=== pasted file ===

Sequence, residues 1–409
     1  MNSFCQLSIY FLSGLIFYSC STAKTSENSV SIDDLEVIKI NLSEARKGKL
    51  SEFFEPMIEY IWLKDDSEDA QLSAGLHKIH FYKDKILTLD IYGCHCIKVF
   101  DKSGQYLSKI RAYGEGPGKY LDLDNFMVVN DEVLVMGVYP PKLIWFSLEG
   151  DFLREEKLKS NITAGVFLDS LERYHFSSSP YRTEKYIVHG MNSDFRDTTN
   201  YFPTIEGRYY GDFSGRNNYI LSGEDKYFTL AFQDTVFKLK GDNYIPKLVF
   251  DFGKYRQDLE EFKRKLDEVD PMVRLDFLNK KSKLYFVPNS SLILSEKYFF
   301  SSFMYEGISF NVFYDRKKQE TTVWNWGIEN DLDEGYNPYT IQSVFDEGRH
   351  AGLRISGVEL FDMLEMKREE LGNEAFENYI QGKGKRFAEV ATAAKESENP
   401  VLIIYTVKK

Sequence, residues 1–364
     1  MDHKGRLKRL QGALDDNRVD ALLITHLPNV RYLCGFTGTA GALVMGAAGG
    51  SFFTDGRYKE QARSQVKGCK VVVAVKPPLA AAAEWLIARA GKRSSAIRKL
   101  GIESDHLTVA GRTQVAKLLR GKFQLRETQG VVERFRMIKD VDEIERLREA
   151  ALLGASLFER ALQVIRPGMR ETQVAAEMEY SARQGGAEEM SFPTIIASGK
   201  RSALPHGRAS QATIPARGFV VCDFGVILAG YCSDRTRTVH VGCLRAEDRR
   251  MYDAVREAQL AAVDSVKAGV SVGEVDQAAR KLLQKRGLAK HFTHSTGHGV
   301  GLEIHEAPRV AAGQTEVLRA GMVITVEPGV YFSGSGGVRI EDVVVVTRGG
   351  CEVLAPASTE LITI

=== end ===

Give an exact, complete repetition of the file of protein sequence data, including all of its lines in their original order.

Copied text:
Sequence, residues 1–409
     1  MNSFCQLSIY FLSGLIFYSC STAKTSENSV SIDDLEVIKI NLSEARKGKL
    51  SEFFEPMIEY IWLKDDSEDA QLSAGLHKIH FYKDKILTLD IYGCHCIKVF
   101  DKSGQYLSKI RAYGEGPGKY LDLDNFMVVN DEVLVMGVYP PKLIWFSLEG
   151  DFLREEKLKS NITAGVFLDS LERYHFSSSP YRTEKYIVHG MNSDFRDTTN
   201  YFPTIEGRYY GDFSGRNNYI LSGEDKYFTL AFQDTVFKLK GDNYIPKLVF
   251  DFGKYRQDLE EFKRKLDEVD PMVRLDFLNK KSKLYFVPNS SLILSEKYFF
   301  SSFMYEGISF NVFYDRKKQE TTVWNWGIEN DLDEGYNPYT IQSVFDEGRH
   351  AGLRISGVEL FDMLEMKREE LGNEAFENYI QGKGKRFAEV ATAAKESENP
   401  VLIIYTVKK

Sequence, residues 1–364
     1  MDHKGRLKRL QGALDDNRVD ALLITHLPNV RYLCGFTGTA GALVMGAAGG
    51  SFFTDGRYKE QARSQVKGCK VVVAVKPPLA AAAEWLIARA GKRSSAIRKL
   101  GIESDHLTVA GRTQVAKLLR GKFQLRETQG VVERFRMIKD VDEIERLREA
   151  ALLGASLFER ALQVIRPGMR ETQVAAEMEY SARQGGAEEM SFPTIIASGK
   201  RSALPHGRAS QATIPARGFV VCDFGVILAG YCSDRTRTVH VGCLRAEDRR
   251  MYDAVREAQL AAVDSVKAGV SVGEVDQAAR KLLQKRGLAK HFTHSTGHGV
   301  GLEIHEAPRV AAGQTEVLRA GMVITVEPGV YFSGSGGVRI EDVVVVTRGG
   351  CEVLAPASTE LITI